Sheffield Council is currently consulting on the Knowledge Gateway redevelopment scheme. The redevelopment is in the city centre, running along Fitzalan Square, Flat Street, Pond Street, Paternoster Row and Brown Street. The consultation finishes on the 28th of February.
CycleSheffield’s response to the Knowledge Gateway scheme
Improving public space for people is to be encouraged but in its present form the Knowledge Gateway scheme creates serious problems due to a lack of transport planning. There will continue to be heavy bus and taxi traffic in the area, it gives less priority to pedestrians crossing, and undermines the safety and convenience of people cycling.
This is already a well-used and signed route for people on bikes and the scheme needs to reflect this. Sheffield also has ambitious targets for cycling and so any new scheme needs to anticipate significantly increased cycle traffic and include high quality provision to both enable and accommodate it. To expand cycling beyond current cyclists it is vital to provide convenient routes for people who do not wish to mix with heavy traffic.
However, this is missing from the current designs. The designs appear to be old and are out of date with current council transport policy and ambitions, as well as acceptable design practice. If they are implemented they would degrade the current cycle route.
- A ‘dooring’ hazard would be created which does not currently exist for people using red painted cycle lanes alongside on-road parking along Brown Street and Paternoster Row. There will be an unhelpful expectation from some drivers that people on bikes should only be using marked lanes, despite this being unsafe. On the design below a dooring hazard exists where there are green, blue and purple boxes (indicating parked vehicles).
- Painted cycle lanes interrupted by bus stops are especially inadequate when the carriageway width is reduced to a bi-directional single centre lane. A parked bus will obstruct sight lines and it becomes hazardous to overtake as there may be vehicles approaching in the opposite direction. Painted cycle lanes in this two-way layout encourage drivers to assume against cycles approaching in the centre of the road when going around stopped buses. See image below:
- Loading is permitted in the cycle lanes along most of Brown Street and Paternoster rendering these lanes useless. People on bikes will have to pull out into the centre of the road to pass loading vehicles.
- Servicing/loading for the Showroom café and cinema will take place on-street, where road is narrowed, and with a bus stop opposite. This creates further hazards for cyclists and could also result in the road being entirely blocked.
- Pond Hill is not wide enough to include all of: a traffic lane, a contraflow cycle lane and 2 taxi ranks (one on either side of the road). The Knowledge Gateway scheme does not include the improvements which should have been delivered as part of the Digital Campus development (see image below).
- The route from Haymarket to Flat Street would be made even less appealing for people on bikes given the numbers of buses, as the straight-on route will be removed. A ‘dog leg’ manoeuvre will be required on Commercial Street.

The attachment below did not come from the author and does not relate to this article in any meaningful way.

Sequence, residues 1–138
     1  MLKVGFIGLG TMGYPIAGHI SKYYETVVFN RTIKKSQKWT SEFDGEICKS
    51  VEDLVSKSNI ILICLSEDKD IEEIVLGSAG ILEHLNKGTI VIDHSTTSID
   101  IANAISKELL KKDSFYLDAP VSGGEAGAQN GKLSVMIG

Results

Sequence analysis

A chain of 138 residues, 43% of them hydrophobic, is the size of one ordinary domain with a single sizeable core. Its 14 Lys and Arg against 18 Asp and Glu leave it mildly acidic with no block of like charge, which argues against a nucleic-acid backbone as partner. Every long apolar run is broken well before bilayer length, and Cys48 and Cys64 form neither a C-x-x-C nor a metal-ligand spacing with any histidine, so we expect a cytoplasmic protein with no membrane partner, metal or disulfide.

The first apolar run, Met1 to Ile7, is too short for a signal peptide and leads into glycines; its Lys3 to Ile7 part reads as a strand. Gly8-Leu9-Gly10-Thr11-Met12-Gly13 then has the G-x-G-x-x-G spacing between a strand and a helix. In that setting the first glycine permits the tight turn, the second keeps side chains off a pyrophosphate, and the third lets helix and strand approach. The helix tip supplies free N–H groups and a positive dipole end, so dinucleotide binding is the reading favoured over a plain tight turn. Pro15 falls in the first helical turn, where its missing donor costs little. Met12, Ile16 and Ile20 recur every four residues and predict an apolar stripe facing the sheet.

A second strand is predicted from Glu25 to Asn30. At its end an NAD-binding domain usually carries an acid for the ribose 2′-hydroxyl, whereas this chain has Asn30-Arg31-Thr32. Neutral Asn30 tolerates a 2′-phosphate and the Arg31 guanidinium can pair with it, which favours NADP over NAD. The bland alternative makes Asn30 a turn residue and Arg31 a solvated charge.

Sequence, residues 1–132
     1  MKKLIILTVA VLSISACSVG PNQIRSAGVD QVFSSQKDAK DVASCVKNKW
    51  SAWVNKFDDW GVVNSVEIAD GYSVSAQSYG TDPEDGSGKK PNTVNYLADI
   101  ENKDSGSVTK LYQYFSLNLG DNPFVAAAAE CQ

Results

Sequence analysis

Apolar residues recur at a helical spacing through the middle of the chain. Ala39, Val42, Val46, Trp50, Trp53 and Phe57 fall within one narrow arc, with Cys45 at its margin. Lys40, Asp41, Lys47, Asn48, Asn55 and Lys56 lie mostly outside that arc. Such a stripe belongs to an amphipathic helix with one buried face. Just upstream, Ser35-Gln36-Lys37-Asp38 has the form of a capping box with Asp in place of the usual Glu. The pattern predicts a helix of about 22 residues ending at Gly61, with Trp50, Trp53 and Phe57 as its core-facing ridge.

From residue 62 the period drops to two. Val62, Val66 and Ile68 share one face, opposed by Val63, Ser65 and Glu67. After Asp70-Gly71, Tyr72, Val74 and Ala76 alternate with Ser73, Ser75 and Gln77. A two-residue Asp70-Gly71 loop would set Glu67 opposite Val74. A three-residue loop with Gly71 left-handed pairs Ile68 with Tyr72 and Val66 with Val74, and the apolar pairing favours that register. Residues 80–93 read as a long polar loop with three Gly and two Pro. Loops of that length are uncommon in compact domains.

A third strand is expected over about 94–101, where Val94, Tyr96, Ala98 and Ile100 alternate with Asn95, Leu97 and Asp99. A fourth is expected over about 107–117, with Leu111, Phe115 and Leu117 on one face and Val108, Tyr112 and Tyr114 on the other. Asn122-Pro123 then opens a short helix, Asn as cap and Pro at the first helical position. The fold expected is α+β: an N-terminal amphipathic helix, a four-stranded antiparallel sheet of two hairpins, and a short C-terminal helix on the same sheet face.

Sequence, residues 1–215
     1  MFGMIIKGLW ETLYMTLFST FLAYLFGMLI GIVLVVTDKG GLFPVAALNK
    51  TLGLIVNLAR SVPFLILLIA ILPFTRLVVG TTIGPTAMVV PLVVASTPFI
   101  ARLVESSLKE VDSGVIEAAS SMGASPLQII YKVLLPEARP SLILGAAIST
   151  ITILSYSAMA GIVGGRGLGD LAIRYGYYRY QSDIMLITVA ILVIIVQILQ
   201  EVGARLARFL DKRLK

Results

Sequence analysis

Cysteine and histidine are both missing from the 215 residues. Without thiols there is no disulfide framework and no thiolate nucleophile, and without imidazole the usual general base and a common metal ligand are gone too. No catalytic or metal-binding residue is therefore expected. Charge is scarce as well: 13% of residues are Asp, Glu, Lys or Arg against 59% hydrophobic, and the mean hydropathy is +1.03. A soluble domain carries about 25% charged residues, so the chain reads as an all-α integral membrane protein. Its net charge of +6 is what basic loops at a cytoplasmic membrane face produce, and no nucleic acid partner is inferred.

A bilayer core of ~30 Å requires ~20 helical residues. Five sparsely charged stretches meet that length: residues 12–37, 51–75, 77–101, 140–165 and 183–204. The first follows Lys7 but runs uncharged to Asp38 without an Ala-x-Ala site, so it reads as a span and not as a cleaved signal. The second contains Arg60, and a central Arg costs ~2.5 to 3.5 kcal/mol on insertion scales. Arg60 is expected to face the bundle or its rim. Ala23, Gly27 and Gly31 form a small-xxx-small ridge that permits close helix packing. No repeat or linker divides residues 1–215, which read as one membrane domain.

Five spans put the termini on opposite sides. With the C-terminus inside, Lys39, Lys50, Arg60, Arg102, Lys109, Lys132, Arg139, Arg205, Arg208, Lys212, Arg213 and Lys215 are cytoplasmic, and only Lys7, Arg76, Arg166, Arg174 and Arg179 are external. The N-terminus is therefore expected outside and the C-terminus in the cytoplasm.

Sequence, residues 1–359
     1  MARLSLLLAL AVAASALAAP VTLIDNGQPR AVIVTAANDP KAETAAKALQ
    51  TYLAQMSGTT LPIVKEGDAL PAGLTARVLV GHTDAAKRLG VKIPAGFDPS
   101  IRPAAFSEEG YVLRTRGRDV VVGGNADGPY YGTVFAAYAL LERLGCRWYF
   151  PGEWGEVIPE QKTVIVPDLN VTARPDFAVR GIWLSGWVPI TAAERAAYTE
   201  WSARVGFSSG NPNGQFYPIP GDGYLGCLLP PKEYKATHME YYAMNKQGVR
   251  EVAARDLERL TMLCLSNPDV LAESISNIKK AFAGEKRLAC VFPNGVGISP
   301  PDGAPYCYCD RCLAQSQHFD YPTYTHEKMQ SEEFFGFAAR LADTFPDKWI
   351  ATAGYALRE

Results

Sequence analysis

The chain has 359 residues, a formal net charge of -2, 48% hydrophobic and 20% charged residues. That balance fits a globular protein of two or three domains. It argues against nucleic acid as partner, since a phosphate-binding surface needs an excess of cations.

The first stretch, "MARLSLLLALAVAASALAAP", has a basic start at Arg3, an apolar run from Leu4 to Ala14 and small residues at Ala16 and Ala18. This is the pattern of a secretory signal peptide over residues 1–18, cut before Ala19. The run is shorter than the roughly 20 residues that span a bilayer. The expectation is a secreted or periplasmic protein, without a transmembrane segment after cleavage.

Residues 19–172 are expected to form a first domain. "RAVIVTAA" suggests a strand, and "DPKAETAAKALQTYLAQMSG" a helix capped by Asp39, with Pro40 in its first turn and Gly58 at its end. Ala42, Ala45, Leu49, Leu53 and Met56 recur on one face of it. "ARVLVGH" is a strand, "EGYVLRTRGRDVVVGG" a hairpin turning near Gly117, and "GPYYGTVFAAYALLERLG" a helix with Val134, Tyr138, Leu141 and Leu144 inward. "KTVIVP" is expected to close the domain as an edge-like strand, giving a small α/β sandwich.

- Flat Street has been narrowed but retains bus stops on either side of the road. If both bus stops are in use the highway is effectively reduced to one lane. This design is hazardous for people on bikes but creates problems for all road users.
- The removal of three signalised pedestrian crossings without a reduction of traffic levels makes using these crossings difficult and potentially dangerous for pedestrians, particularly visually impaired people.
- Taxis will wait on footway along Paternoster Row when collecting and dropping off customers for the train station if no measures are included in this scheme to prevent this.
- Moving the bus gate creates a new rat run from Furnival Street to Sheaf Street. Vehicles will be able to travel along Arundel Lane through the car park onto Paternoster Row – bypassing the new bus gate location – then Pond Street, Harmer Lane to Sheaf Street. This is shorter than the correct route and will increase traffic at the bottom of Howard Street where there is a busy pedestrian crossing.
- More traffic will cross Howard Street pedestrian crossing as a result of the bus gate changes even if vehicles do not cut through the car park.
- Large vehicles will not be able to use the mini roundabout before the new bus gate so they will either need to ignore the bus gate, or reverse long distances back along Paternoster Row/Brown Street which would be hazardous for other road users.
How to improve scheme:
- Segregated cycle lanes are required given the volume of traffic, especially buses. These would also resolve the issues with cycling past parked cars, buses and loading vehicles by providing separate, safe space for cycling. These would need to run north-south through the scheme but also link to the train station.
If a segregated cycle route cannot be provided then:
- no parking and no loading restrictions are required for the painted cycle lanes.
- The bus stops need to be relocated or bus stop bypasses installed.